Friday, June 14, 2019


Take a look. Messier 87 is a supermassive black hole. You could have observed it, if you used a small telescope sometime in May.   

So what is this black hole? Astrophysicists, (AstroP's), say: "It's a puncture in space-time. Think of space time as the  rubber surface of a trampoline, and a black hole as a bowling ball placed on that surface. The ball causes the fabric to sag, so that smaller objects fall into the hole." (Since black holes create bottomless pits, Astro Ps don't know where matter that falls into them winds up.)

How do black holes get formed? Astro Ps say when stars exhaust their fuel, the star's huge mass collapses. The star explodes in a new bright star. If the remnants are as massive as our sun, the star collapses with such force that nothing can stop it. It will swallow everything including light. 

The late physicist Stephen Hawking said, "It's like going over Niagara Falls in a canoe--if you are above the falls, you can get away if you paddle fast enough, but once you are over the edge, you are lost. There's no way back."

According to Astro Ps, there are billions of black holes. Our galaxy, the Milky Way, contains as many as 400 billion stars. That could mean 400 million black holes--about one star out of every thousand  can create a black hole after it dies. The Milky Way has a huge black hole called Sagittarius A, with "4 million times the sun's mass crammed into a space that is about 30 times the diameter of the sun."  I can't picture something that massive, but here's photos of Sagittarius A.   

So, what would happen if you fell into a black hole? Hawking said, "You would appear to slow down, and hover just outside. You would get dimmer and dimmer, and redder and redder, until you were effectively lost from sight. If you approached the black hole with your feet first, its gravity would pull harder on your shoes than your head, and you'd be stretched and shredded in a process that Astro Ps have dubbed "spaghettification."

At the University of London, Astro Ps are saying they need to invent new physics. Some think a black hole represents a shortcut to another region of our universe, and figure black holes lead to other universes. Others think the Big Bang that created our universe might represent a black hole from another universe. Hawking said, "This might be possible--the hole would need to be large, and if it was rotating, it might have a passage to another universe. But you couldn't come back to our universe. So, although I'm keen on spaceflight, I'm not going to try that."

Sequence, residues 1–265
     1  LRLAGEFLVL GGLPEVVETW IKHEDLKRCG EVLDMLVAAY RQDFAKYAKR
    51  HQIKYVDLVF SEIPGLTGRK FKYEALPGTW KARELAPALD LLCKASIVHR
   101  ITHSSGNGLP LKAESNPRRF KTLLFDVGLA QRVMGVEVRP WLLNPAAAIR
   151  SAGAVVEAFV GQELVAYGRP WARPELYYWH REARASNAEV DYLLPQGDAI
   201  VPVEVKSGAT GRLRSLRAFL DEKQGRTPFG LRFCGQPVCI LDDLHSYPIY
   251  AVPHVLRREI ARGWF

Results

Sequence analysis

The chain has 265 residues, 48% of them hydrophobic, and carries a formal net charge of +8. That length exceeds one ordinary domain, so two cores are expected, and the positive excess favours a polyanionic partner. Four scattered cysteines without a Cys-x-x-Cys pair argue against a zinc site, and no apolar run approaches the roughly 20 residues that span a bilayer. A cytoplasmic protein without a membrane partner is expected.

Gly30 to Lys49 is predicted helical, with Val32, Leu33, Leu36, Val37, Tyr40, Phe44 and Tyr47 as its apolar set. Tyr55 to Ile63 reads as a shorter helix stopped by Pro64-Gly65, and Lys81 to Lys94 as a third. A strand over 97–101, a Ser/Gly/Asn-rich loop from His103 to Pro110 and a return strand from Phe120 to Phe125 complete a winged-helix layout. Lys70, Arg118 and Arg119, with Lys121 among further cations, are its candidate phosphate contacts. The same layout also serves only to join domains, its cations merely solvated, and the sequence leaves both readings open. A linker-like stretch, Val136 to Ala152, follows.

Hadron Collider
Scientists at CERN (European Research group) are using the Large Hadron Collider which can speed up protons to almost the speed of light. When they collide, the energy produced could create microscopic black holes that would be evidence that our our universe is part of an infinite number of universes. That possibility has gotten theorists to warn CERN about creating micro black holes that could grow and swallow our planet, even our universe.  Other theorists say a micro black hole would be unstable and disintegrate immediately. 

Leading Astrophysicist Ethan Siegal says, "Fears about our planet being eaten by a black hole are completely irrational. The world is safe."

My blog's based on an article in The Week Magazine and sources I used to clarify words and concepts. I've decided, just now, that I'm not going to let myself wonder about all this anymore--Cern guys, theorists, and Astro Ps are going to be figuring it out. I enjoy standing on the roof of my house in New York City. There are no stars, just lights from other buildings and glittering flashes from the streets below that are interesting, actually quite fascinating to think about. 

Sunday, June 9, 2019


Jeff Koons' steel rabbit just sold for $ 91.1 million at Christies--it's the most money ever paid for art by a living artist. It's 3 feet tall, a blow-up was in Macy's Thanksgiving Parade, 2007.
Jeff Koons' art works have been in major prestigious museums throughout the world--especially his popular "Balloon Dog;" about 12 feet tall, five versions--blue, magenta, yellow, orange, red.

Many galleries have also displayed Koons'  porcelain and gold "Michael Jackson" sculpture.

 'Made in Heaven' sculptures, anatomically unambiguous sculptures of Koons having sex with his first wife are--"Not pornography,." Koons says. "I'm interested in the spiritual, to be able to show people that they can have impact, to achieve their desires."
"Tulips," sold for a record-breaking  $58.4 million. Five unique versions. 80 inches x 180 x 205.

The 64-year-old artist, from York, Pennsylvania, is heralded by some critics as a pioneer. Others dismiss his work as 'kitsch.' New York Times article on Koons quoted art critic, who called Koons' art, "cat excrement." Koons' approach to art is evident at his huge studio in NYC. He employs 130 assistants, who use paint-by-the-numbers techniques to create the unique versions, reproductions exhibited, praised by major critics everywhere. Here's what Koons says about it.

Koons creative process and success says a lot about today's world and culture. "Igg" is my reaction to balloon dogs, tulips, and sex sculpture. Maybe his art is just not my cup of tea, or I'm  reacting to what I feel, and don't like about Koons' York, Pennsylvania mentality. It's prejudice based on my growing up years in Harrisburg, Pa., with kids like Jeff, perceiving from class reunion letters, what these kids aren't and ARE. For many of them, money is God, is status, the true measure of success -- the most important thing in life. I think Jeff Koons' art may be where art is heading. Artist Jeff Koons has created many, many stunning, astounding works over the years. If you haven't made up your mind about liking or disliking his art, click the link -- you'll enjoy this "Stop Hating Jeff Koons" article in the New York Times.